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Choose your own news

Chris Field

What you believe about the current crisis depends to a large extent on what you choose to read and not to read, and then how you choose to interpret it or feel about it. You heard me; I believe we can choose what to feel about events.

Proof of this is the fact that I do not recognise that some people’s bad behaviour under pressure is somehow representative of what the wider population is up to. What I actually see is countless examples of thoughtful, generous and cheerful words and acts. In France, there are many stories of citizens standing aside in supermarkets to let older people and essential workers through.

In the UK, we are seeing an explosion in creativity which tells me that, when there is no crisis, we are just too damn busy to slow down for long enough to think about new ways to tackle old problems, so we fall back on old ways. Now, we are seeing not just an obvious rise in remote communications through VOIP-based apps and WhatsApp group, but a growth in podcasts and webinars in the face of an almost empty event calendar.

There is some irony to this which is that, for many, events are not a great way to generate sales leads, but there is no less thirst for company and human contact, so we should recognise the soft but essential appeal of events rather than simply their lead generating value.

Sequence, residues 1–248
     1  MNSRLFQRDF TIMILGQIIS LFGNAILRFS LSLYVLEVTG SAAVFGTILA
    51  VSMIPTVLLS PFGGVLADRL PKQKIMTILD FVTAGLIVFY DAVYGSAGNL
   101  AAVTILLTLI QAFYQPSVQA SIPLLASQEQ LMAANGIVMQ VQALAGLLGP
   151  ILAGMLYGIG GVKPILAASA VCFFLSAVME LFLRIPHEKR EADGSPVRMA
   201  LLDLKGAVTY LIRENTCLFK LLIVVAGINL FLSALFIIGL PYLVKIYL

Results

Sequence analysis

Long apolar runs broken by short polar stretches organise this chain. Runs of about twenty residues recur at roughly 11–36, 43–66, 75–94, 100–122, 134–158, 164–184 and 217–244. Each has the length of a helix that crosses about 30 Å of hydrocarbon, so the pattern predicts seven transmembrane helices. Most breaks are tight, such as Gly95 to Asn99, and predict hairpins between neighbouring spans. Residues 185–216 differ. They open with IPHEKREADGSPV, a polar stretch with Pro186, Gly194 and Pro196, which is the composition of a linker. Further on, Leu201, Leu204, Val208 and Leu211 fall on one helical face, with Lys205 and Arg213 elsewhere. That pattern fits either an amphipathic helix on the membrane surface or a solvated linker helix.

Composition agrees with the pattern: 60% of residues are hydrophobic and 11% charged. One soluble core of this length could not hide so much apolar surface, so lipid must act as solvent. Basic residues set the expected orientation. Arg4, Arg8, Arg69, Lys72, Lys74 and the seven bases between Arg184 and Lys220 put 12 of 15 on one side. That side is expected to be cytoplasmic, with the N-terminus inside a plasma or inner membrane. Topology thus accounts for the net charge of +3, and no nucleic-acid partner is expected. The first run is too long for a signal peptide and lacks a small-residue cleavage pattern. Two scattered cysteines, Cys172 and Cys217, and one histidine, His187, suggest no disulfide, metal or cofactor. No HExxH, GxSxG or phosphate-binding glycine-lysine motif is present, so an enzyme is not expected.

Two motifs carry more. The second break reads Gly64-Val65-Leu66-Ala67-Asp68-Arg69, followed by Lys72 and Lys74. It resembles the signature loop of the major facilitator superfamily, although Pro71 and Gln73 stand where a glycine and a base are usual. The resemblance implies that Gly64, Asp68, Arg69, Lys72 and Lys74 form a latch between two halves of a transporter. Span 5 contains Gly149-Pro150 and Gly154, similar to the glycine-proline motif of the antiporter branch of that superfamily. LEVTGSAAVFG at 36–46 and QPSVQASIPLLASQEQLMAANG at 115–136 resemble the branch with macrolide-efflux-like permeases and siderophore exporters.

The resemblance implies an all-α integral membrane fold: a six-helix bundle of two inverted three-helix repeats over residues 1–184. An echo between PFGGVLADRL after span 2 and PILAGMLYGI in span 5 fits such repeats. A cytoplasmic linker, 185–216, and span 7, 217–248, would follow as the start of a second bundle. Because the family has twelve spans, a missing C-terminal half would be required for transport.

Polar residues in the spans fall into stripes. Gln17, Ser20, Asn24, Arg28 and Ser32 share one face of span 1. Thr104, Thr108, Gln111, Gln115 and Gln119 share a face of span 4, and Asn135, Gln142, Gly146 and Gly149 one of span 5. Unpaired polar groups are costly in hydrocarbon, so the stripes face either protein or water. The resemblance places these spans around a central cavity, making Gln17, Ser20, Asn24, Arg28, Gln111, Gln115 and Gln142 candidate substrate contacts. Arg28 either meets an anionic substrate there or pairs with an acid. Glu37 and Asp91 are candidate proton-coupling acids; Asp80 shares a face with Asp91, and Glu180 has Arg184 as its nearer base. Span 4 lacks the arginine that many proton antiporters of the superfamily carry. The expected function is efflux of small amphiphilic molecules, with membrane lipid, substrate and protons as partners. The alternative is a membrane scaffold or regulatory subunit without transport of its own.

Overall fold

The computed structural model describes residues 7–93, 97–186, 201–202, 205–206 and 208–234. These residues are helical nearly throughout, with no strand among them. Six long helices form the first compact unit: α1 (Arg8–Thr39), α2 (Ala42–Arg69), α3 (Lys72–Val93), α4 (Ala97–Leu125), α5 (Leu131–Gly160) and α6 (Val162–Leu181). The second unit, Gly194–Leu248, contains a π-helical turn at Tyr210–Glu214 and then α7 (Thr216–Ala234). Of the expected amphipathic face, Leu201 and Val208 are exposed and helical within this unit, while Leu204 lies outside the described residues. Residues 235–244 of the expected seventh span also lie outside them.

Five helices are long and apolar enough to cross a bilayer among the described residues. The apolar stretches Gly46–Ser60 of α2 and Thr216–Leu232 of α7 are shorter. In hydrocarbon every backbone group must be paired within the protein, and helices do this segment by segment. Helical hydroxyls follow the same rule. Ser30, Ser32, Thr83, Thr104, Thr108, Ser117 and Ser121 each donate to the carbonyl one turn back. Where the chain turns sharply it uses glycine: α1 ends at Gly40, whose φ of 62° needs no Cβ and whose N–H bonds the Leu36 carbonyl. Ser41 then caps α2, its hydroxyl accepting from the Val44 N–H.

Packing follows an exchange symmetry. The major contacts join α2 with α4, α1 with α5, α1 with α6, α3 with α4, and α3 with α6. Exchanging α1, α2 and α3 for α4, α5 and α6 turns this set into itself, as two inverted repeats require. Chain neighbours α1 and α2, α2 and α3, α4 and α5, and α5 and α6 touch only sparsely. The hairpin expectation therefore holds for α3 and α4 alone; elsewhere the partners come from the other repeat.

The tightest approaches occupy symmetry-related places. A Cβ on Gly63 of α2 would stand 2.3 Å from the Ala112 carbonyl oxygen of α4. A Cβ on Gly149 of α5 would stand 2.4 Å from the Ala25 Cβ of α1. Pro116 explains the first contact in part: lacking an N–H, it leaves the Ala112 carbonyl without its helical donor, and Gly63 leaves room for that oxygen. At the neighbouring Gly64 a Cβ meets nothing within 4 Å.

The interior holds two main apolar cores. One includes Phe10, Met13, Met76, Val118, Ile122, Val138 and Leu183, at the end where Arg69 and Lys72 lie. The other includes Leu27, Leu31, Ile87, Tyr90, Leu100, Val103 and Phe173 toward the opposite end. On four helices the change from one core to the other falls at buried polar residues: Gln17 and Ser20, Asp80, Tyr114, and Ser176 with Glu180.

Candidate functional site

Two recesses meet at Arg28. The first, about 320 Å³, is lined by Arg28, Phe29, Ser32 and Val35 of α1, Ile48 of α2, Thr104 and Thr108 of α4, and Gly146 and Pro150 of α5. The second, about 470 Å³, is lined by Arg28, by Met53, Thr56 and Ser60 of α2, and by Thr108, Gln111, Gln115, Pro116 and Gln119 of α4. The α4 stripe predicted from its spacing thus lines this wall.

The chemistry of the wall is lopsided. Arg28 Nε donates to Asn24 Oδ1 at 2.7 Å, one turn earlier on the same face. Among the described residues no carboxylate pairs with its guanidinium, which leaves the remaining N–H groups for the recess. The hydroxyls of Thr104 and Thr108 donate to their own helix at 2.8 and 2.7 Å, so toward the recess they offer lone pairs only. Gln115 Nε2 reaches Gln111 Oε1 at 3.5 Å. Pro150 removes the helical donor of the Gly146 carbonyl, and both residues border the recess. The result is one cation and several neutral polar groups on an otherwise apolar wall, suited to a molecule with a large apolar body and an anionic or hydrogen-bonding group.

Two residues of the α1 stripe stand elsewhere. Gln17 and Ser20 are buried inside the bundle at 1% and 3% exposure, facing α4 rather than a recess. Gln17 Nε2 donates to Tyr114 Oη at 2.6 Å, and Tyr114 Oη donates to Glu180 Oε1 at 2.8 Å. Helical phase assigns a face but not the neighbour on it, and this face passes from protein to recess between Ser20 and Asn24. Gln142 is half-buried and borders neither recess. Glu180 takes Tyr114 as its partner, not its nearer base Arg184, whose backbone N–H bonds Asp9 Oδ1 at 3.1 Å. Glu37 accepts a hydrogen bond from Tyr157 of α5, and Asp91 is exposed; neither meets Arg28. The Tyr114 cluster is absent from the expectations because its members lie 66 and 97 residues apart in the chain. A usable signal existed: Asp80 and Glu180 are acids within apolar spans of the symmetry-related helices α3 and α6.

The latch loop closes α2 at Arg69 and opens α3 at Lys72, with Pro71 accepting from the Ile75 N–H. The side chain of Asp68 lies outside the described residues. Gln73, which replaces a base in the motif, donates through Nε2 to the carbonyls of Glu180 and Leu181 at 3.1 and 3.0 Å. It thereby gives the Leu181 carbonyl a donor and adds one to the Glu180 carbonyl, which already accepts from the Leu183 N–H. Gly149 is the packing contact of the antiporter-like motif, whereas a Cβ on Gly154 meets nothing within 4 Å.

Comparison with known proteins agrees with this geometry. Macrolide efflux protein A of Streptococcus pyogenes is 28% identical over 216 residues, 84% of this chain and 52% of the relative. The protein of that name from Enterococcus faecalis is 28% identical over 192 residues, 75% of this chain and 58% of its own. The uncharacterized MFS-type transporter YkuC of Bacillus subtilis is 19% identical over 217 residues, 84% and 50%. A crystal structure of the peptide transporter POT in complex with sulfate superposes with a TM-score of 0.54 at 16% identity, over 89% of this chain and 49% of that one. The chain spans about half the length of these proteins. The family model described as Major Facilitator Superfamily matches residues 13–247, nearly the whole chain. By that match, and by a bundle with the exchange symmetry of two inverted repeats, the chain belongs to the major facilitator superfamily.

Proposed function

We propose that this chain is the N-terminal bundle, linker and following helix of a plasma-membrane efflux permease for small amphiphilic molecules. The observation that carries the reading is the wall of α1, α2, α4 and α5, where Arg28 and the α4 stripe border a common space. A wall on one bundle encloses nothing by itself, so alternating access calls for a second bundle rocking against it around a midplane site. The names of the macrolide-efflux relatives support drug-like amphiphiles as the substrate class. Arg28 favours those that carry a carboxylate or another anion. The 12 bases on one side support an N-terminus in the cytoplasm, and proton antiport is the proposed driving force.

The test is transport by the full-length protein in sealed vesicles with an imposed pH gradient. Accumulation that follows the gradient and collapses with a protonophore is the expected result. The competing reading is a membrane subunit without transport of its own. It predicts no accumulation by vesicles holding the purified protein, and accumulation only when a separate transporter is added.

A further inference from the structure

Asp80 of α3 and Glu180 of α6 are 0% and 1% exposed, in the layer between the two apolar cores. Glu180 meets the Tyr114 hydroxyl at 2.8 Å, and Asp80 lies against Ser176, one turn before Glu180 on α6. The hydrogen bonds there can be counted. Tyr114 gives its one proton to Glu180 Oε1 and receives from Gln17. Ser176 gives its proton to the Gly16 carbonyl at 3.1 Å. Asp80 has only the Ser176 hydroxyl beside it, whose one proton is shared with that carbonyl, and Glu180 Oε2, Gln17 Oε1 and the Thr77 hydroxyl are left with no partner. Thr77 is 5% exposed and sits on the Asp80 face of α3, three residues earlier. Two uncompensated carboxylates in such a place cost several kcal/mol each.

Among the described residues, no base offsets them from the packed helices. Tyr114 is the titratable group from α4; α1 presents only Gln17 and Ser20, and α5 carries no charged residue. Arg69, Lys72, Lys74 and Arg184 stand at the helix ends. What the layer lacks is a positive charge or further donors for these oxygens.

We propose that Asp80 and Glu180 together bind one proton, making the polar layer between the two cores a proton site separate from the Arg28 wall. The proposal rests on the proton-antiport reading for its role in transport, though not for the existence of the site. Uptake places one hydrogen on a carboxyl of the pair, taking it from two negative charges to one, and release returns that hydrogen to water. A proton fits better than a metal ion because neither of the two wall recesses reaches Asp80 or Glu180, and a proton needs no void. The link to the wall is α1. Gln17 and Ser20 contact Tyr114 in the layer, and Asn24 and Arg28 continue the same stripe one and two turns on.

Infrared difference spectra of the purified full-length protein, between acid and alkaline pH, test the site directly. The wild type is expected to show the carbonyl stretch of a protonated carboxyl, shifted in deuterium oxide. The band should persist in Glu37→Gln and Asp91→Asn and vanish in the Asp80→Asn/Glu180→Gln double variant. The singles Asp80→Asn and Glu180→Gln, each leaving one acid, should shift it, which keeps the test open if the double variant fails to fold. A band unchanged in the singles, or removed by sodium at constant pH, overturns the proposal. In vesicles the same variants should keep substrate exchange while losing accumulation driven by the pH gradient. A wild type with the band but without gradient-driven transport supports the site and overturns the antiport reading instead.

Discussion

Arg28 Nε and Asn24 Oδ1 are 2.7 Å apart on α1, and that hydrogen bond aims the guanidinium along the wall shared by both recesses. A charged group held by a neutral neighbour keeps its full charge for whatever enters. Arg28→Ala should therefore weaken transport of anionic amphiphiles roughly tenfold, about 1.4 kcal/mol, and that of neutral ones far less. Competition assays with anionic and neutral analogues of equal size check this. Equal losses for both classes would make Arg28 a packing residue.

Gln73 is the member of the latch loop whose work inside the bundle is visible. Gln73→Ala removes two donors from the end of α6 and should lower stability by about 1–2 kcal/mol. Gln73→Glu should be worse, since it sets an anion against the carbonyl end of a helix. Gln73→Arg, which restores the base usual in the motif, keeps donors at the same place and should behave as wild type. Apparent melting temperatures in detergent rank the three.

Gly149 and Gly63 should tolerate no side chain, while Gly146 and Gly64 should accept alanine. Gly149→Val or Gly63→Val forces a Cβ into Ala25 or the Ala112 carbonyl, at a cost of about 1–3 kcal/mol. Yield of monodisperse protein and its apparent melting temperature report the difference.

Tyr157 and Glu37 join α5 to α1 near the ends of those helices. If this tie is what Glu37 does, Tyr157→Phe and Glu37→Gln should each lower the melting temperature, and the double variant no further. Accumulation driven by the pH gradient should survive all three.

I choose also to focus on the value of colleagues. It’s ironic that the more we are separated physically, the more I see in them. This may in part be down to the number of children/dogs/spin driers/LED strips on show but it is clear that we are all raising our game to communicate through face thumbnails.

And colleagues from our client companies as well, all tackling the crisis cheerfully and creatively, such as their willingness to embrace new ways to say things. I don’t think the IT industry is quite yet done with using its own language to hide what it really means, but I do detect a change. And that’s all driven by the pressure to communicate not exactly person to person, or via email and LinkedIn but face to face via VOIP. For all its apparent intimacy, teleconferencing requires greater clarity of expression in discussing and agreeing what need to be done.

Plenty of people can’t work because the crisis has taken way their entire business. We on the other hand can and will continue to be helpful where we can by injecting a few new ideas into the mix.

At Fieldworks we specialise in helping retail tech brands build visibility and reach prospects with our award-winning digital marketing, content and PR.

See our campaigns here: http://www.fieldworksmarketing.co.uk/work/

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